There were basically two stories over the last couple of weeks that stood out the most to me. Well, three if you count the two-part Gap Shots and Whiffs series about the change in the wind for the area conferences.
The first one was writing the "meet the new coach" story at Minooka Community High School with Jeff Charlebois taking over for Paige Schoolman one year after Schoolman replaced Bernie Ruettiger. Charlebois is not "new" to the Indians staff by any means as he was instrumental in the rise of Minooka as a state wrestling power before leaving for Oswego to become the head coach of the Panthers a couple of years ago.
The one constant there is the fact that Ruettiger never did retire or anything. He just stepped down to become an assistant, first to Schoolman and now to Charlebois. A lot was made by everyone, including Schoolman, about what it means to have Charlebois back in the program.
That's what the story was about — meeting the new coach. One quote that I just couldn't find a fit for, however, was one Ruettiger gave me about what Schoolman has meant to Minooka.
"I don't think Paige understands what he has meant to this program. He meant everything in the world," Ruettiger said. "He's one of the reasons we were state champions at one time and two-time runners up. Paige had every bit as much to do with that as Jeff does."
Another "new" person in the area that has a familiar face is new Joliet Slammers general manager Chris Franklin. Franklin is a 1999 Morris graduate, and this will be his fourth year as a general manager in the Frontier League. The previous three years, he was a GM with the River City Rascals. In fact, he won a championship in 2010 at the helm of the Rascals.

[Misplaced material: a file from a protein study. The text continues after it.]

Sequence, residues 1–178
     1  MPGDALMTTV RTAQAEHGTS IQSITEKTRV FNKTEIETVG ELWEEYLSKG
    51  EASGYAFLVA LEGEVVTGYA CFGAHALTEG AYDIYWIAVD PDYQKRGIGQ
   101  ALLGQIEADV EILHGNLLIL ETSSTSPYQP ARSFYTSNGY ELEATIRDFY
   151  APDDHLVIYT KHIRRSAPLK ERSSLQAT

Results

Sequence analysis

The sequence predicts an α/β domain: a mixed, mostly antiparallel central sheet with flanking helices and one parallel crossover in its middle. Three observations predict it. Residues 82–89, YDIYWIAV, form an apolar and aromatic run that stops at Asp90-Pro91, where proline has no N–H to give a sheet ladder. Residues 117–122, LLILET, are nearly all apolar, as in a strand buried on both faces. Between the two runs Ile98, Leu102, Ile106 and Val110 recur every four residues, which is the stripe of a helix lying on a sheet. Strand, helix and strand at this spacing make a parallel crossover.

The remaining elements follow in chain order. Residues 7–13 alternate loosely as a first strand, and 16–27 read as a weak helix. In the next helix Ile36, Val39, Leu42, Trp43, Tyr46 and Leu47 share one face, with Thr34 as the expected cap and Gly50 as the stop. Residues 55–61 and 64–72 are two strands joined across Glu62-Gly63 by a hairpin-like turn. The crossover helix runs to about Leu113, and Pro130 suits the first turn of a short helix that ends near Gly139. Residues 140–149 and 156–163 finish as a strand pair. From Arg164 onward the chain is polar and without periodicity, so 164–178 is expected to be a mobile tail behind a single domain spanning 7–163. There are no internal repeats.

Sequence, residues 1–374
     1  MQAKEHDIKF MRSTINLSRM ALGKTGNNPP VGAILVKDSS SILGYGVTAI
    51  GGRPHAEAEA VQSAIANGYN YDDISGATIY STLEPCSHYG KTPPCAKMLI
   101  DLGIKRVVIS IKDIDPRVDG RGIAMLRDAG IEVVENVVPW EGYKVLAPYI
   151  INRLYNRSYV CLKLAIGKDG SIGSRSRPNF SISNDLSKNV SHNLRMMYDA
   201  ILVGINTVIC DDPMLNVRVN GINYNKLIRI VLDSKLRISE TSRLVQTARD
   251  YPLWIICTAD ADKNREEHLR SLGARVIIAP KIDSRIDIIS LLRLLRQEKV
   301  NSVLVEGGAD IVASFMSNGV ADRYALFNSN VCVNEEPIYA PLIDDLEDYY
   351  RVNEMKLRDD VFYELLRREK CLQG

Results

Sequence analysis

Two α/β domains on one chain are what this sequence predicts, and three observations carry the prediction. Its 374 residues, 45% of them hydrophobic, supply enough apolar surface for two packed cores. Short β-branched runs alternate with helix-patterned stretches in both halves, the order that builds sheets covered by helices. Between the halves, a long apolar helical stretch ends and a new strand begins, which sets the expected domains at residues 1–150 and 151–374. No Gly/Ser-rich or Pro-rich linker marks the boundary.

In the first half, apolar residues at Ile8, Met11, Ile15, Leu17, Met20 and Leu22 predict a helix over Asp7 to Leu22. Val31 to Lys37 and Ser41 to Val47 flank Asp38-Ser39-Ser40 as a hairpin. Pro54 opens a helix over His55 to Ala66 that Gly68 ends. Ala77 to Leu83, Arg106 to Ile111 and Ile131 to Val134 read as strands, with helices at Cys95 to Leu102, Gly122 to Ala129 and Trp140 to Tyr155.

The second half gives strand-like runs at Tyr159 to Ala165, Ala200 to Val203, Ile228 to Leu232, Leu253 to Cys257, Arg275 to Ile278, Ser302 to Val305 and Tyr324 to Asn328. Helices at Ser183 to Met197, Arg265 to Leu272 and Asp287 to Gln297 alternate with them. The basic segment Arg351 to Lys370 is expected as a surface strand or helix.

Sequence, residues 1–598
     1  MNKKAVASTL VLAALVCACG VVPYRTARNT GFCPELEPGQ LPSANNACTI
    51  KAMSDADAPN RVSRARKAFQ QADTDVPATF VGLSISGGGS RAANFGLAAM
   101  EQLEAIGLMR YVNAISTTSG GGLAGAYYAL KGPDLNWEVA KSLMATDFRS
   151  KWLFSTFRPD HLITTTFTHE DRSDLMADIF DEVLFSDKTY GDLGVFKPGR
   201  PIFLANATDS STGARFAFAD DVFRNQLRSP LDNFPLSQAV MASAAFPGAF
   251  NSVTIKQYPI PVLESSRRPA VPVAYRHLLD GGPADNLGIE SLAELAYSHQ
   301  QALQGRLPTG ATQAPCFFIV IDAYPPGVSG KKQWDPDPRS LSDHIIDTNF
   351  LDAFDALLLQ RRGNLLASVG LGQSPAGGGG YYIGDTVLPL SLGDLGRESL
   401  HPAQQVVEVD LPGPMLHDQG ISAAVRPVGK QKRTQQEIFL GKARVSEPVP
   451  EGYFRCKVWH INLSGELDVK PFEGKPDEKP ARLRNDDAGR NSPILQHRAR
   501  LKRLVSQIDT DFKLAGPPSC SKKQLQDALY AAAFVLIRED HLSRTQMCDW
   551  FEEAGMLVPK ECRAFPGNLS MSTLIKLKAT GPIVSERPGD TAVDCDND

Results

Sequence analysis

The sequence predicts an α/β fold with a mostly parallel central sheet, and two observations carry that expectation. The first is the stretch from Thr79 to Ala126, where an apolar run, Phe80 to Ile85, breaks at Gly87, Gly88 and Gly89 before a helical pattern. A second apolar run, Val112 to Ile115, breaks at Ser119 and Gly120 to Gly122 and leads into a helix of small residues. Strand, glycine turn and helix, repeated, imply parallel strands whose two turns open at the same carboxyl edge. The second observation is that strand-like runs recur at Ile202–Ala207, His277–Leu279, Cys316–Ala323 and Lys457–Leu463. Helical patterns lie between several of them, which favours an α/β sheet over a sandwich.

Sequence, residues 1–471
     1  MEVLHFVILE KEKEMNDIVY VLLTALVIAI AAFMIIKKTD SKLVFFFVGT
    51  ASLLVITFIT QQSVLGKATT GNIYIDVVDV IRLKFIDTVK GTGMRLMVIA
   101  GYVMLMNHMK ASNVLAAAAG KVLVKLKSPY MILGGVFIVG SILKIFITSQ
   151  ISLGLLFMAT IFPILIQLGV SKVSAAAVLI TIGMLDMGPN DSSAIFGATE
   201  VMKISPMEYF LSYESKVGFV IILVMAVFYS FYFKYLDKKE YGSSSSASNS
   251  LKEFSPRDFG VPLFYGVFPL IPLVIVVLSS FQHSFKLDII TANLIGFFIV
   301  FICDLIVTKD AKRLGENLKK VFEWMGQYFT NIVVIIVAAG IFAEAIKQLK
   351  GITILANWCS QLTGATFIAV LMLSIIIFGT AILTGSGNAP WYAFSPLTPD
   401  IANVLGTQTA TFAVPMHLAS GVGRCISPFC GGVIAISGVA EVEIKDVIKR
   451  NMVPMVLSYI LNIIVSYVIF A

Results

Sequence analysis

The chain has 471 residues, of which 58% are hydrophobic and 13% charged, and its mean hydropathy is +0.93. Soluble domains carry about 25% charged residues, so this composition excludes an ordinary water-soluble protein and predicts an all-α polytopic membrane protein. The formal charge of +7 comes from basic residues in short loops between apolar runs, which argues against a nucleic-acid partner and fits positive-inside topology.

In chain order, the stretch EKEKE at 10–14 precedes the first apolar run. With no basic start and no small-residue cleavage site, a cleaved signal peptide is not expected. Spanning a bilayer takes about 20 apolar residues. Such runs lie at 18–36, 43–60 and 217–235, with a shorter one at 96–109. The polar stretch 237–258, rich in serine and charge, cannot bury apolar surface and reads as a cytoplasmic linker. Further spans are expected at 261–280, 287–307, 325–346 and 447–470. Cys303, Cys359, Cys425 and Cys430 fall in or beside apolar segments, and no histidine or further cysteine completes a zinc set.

Anyway, Chris was very gracious to talk to me on media day up at Silver Cross Field in Joliet. We spoke at length about a number of topics but the one I held back was evaluating talent in the Frontier League. He said that he will rely a lot on his new coaching staff to give him separate analysis.
"Our coaches will have a network. In both professional baseball and in college baseball. Through that network, you scout players and find players who fit your model," Franklin said. "They're looking at video, they're looking at stats, they are looking at recommendations the same way anyone else would do. Some managers look for certain guys."
He was also asked how hard it is to get someone from, say, Nebraska as opposed to someone locally to come pitch in Joliet.
"It's case by case. It depends. The relationships really have a lot to do with it. If a guy played college ball with an old friend and any chance to play professional ball is considered an opportunity," Franklin said. "So, guys are willing to travel to play. As far as local guys are concerned, it's not a good fit. They may not fit with what you're trying to do. But if all is equal, we like to bring in local guys."
No matter what, though, Franklin said that he is confident in what he already knows about the Frontier League that will help in his transition with the Slammers.
"I have a history with the league and I know other coaches in the league. It's like any other manager. You try to see what's out there and available and if it's not available, how can you make it available."